Wordanista Michael Adams may no longer be "On Notice" over at the Colbert Report, though AP reporter Heather Clark is still shunned; but now another journalist has taken lexicographical notice of Stephen Colbert, and this time it's not for truthiness. Lane Greene, from economist.com, has nominated Colbert to be cited in the Eggcorn Database for copywrite, copywritten and copywrote.
Here's Lane's letter to Language Log, dated 1/11/2006:
Yesterday's post on the Colbert Report made me watch it last night [this refers to the show of Tuesday, 1/10/2006 - ed.] Not only did he return to "truthiness", but another linguistic item popped up. He noted to Carl Bernstein that "-gate" had become a common scandal suffix, and asked him something like "have you copywritten that?" He referred back to a word he'd used earlier, "sexageterrorists", and then said "I copywrote that." Obviously he meant "copyrighted" in both cases.
IP law aside (you copyright a work, not a single word; you can try to trademark a word), it's an interesting eggcorn candidate. Perhaps Colbert-the-character was engaging in another language joke, but instead it seemed to me that Colbert-the-actor, speaking quickly and without a script, might have actually made the mistake.
If so, he's not alone.
Some forms of "copywritten" might be an inflection of a phrasal verb like "to write copy", but most seem to be inflections of the eggcornic "copywrite". (Looking for "copywritten material", "copywritten music", etc. confirms this.) It's also an interesting candidate because most people wouldn't use "copywrite" in its noun form. I imagine that a lot of doubletakes would accompany a CD that carried the label "Copywrite 1998", but when people go for the participle, "copyrighted" seems wrong and they go for "copywritten".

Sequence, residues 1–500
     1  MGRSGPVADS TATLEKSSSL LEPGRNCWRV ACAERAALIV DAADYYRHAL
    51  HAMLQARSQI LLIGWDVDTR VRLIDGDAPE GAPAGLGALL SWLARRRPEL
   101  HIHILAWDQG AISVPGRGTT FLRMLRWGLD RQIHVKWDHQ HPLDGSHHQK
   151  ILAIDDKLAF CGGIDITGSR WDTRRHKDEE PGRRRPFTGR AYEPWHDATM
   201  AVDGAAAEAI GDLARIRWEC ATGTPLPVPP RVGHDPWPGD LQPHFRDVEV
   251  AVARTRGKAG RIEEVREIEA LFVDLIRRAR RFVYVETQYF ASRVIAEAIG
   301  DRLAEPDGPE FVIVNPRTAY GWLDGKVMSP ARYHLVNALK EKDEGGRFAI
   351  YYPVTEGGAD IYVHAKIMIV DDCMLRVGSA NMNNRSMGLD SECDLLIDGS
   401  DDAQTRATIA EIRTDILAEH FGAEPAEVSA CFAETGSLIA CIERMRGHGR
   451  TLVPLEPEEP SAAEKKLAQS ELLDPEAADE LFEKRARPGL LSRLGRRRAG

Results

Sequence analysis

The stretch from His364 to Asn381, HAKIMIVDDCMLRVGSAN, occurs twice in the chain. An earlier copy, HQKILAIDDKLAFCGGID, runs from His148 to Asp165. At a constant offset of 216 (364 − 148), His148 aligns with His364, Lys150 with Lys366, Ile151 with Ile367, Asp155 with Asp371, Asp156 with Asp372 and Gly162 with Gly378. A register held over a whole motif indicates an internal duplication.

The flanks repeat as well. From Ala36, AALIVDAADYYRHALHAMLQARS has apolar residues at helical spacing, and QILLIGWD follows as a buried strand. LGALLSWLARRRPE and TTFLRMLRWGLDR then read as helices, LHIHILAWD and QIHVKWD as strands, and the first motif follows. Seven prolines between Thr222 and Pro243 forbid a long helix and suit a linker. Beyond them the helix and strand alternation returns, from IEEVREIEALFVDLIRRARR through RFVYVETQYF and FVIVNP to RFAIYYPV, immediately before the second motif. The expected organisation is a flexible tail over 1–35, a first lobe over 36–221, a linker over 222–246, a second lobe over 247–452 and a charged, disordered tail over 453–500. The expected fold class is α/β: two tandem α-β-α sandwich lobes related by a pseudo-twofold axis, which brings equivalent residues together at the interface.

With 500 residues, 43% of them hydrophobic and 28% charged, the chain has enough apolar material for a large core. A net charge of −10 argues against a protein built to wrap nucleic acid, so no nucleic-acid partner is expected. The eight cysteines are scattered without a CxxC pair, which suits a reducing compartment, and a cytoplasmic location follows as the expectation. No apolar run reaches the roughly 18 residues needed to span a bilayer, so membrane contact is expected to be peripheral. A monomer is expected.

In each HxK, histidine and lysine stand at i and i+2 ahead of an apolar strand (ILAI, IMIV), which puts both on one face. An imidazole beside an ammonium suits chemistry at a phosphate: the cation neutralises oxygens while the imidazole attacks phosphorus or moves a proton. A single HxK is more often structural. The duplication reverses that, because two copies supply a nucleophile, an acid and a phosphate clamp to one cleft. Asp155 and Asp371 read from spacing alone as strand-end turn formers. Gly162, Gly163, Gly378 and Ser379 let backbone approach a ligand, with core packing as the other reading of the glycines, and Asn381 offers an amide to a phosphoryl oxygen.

There's already a citation in the Eggcorn Database for copywrite, entered by Chris Waigl on 2/25/2005, and the nominal form is reasonably common even on respectable journalistic sites -- searching Google News this morning for copywrite turns up 12 hits like this one:
CNN/money 1/7/2006: Sony (Research) CEO Howard Stringer brought out Hanks, the star of its new film the "Da Vinci Code," ... to talk about the importance of copywrite protection.
But Colbert surely deserves special mention, if only for using so many of the principal parts of the verb "copywrite", whether in jest or in earnest. And he shouldn't feel in any way disrespected, since here at Language Log we consider eggcorns to be a poetic form even more compact than the haiku.Posted by Mark Liberman at January 13, 2006 09:04 AM